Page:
Just days after the monthly Patch Tuesday swathe of Windows security updates was released, Microsoft has issued an emergency “out of band” update for Windows 10 users in response to the leaking of a critical vulnerability.
Microsoft issues critical out of band security update for Windows 1o users
Microsoft has urged Windows 10 users to “take action” as the out of band security update for CVE-2020-0796 is released. A critical vulnerability, named as SMBGhost or EternalDarkness by various security vendors, that is both wormable and affects the Server Message Block (SMB) network communications protocol. Yes, the protocol that enables shared access to your files and printers as well as serial ports. And, yes, the same SMB protocol that was exploited by the NSA-developed EternalBlue to such devastating effect during the WannaCry attacks in 2017.
Kieran Roberts, head of penetration testing at Bulletproof, said at the time of the leak that “SMB is the protocol used for sharing files, this is the same protocol that was vulnerable to the EternalBlue (CVE-2017-0144) exploit back which was weaponized into the WannaCry ransomware. It appears that this new vulnerability has several of the same hallmarks as EternalBlue. This means that this new vulnerability could result in a resurgence of ransomware attacks such as WannaCry and NotPetya, which both used the very similar EternalBlue exploit.”
How did the CVE-2020-0796 leak happen?
The reason that SMBGhost was disclosed would seem to be a miscommunication in the patching and disclosure process that led to some vendors thinking CVE-2020-0796 would have a fix included in the Patch Tuesday updates. They then accidentally published details of it in their update round-up blogs. Although those disclosures were quickly removed, details rapidly spread across social media, especially within the online Infosecurity community.
What has Microsoft said about the SMBGhost vulnerability?
As I reported on March 11, the vulnerability sits in the SMB 3.0 network communication protocol, and if successfully exploited by an attacker could enable remote and arbitrary code execution and potentially take control of the system. Microsoft said that it had not yet “observed an attack exploiting this vulnerability,” but recommended that users “apply this update to your affected devices with priority.” There have, however, already been proof-of-concept exploits developed by security researchers. Which likely means it is only a matter of time, a very short period of time at that, before unpatched systems start being exploited by attackers.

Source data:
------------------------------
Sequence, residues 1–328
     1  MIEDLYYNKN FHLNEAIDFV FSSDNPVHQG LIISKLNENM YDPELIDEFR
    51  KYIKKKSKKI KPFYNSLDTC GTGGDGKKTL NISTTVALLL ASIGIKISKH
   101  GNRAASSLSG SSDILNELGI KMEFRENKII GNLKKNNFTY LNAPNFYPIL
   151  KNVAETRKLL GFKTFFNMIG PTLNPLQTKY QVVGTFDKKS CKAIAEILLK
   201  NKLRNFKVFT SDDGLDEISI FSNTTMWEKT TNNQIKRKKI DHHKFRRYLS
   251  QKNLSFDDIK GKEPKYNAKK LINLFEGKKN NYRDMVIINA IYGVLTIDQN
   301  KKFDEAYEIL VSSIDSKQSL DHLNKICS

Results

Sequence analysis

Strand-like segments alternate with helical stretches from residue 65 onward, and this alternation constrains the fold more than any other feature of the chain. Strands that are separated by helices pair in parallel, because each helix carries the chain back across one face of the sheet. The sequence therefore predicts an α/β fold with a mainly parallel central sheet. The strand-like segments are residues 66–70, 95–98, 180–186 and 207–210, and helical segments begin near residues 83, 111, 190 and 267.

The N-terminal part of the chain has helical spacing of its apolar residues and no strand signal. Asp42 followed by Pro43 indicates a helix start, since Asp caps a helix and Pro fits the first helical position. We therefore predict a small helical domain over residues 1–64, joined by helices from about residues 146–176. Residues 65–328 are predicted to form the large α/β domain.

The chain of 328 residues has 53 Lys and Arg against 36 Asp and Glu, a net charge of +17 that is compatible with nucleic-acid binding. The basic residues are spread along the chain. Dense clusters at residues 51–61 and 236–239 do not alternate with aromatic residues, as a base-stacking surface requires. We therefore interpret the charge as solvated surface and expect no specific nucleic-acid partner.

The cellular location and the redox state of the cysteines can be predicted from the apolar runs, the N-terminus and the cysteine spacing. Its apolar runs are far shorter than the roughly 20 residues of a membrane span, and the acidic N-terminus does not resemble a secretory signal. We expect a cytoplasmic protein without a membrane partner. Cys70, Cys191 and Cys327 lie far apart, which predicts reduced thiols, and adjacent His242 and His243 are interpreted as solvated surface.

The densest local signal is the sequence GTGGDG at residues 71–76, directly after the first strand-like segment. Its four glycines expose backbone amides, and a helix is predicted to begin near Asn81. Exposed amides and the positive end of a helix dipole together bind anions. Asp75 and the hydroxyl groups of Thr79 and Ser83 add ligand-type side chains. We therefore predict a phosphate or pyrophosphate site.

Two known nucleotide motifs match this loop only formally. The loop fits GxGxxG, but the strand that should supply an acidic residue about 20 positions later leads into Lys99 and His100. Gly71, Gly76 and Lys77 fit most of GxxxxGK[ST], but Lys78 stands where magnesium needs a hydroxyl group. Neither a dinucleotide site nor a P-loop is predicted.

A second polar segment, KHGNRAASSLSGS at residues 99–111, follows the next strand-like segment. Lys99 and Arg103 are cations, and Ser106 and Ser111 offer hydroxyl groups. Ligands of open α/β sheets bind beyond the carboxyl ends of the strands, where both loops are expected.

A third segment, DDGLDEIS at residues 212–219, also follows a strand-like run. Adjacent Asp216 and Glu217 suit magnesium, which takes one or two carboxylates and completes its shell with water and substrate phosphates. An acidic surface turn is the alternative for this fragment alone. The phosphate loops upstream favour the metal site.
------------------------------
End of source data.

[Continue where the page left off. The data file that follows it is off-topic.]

What you need to do now
The good news for Windows 10 users is, assuming you have automatic updates enabled, no further action will be required as the system will apply the patch to protect against any exploit of this critical vulnerability. However, if automatic updates are disabled, then you will need to update manually and as soon as possible. Microsoft said that it’s important to note that the KB4551762 update needs to be applied even if you installed the Patch Tuesday updates.
Likewise, if you implemented the workaround measures to disable SMBv3 compression in Microsoft Security Advisory ADV200005, you still need to install this out of band update. If you cannot apply the update, then that workaround is still recommended for organization admins who should also block TCP port 445 at the network perimeter. Everyone else should use Windows Update to check for updates and kick-start the installation process if required or download the KB4551762 update patch directly from the Microsoft update catalog.
Which versions of Windows are affected?
The following versions of Windows 10 are impacted by this vulnerability:
- Windows 10 Version 1903 for 32-bit Systems
- Windows 10 Version 1903 for ARM64-based Systems
- Windows 10 Version 1903 for x64-based Systems
- Windows 10 Version 1909 for 32-bit Systems
- Windows 10 Version 1909 for ARM64-based Systems
- Windows 10 Version 1909 for x64-based Systems
- Windows Server, version 1903 (Server Core installation)
- Windows Server, version 1909 (Server Core installation)
You might also like to read more about securing Microsoft Windows 10 in eight easy steps.